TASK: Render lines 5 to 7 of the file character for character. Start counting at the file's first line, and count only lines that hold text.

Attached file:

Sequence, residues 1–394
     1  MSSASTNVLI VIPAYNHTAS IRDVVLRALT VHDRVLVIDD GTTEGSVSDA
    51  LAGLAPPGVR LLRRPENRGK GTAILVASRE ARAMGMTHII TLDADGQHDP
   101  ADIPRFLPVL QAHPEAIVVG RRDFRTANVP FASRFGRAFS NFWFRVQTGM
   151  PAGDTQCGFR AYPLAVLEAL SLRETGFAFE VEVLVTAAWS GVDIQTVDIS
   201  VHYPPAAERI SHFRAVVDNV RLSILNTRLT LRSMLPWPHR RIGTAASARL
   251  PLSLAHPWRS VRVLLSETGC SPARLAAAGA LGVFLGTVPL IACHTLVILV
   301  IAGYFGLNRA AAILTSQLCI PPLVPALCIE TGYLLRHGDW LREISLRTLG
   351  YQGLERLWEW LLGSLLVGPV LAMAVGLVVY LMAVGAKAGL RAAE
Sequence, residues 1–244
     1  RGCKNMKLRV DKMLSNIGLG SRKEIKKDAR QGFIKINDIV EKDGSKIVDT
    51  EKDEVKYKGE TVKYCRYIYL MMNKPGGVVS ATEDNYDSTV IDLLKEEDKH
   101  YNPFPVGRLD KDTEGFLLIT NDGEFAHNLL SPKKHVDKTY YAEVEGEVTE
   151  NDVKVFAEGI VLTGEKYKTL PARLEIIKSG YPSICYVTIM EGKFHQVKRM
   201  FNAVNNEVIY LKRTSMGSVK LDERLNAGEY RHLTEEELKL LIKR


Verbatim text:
   151  PAGDTQCGFR AYPLAVLEAL SLRETGFAFE VEVLVTAAWS GVDIQTVDIS
   201  VHYPPAAERI SHFRAVVDNV RLSILNTRLT LRSMLPWPHR RIGTAASARL
   251  PLSLAHPWRS VRVLLSETGC SPARLAAAGA LGVFLGTVPL IACHTLVILV